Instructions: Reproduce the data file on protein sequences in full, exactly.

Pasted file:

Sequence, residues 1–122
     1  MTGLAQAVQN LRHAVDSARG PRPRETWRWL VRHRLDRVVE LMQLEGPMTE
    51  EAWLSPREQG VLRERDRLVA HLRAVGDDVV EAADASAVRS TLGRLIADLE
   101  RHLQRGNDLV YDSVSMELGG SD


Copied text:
Sequence, residues 1–122
     1  MTGLAQAVQN LRHAVDSARG PRPRETWRWL VRHRLDRVVE LMQLEGPMTE
    51  EAWLSPREQG VLRERDRLVA HLRAVGDDVV EAADASAVRS TLGRLIADLE
   101  RHLQRGNDLV YDSVSMELGG SD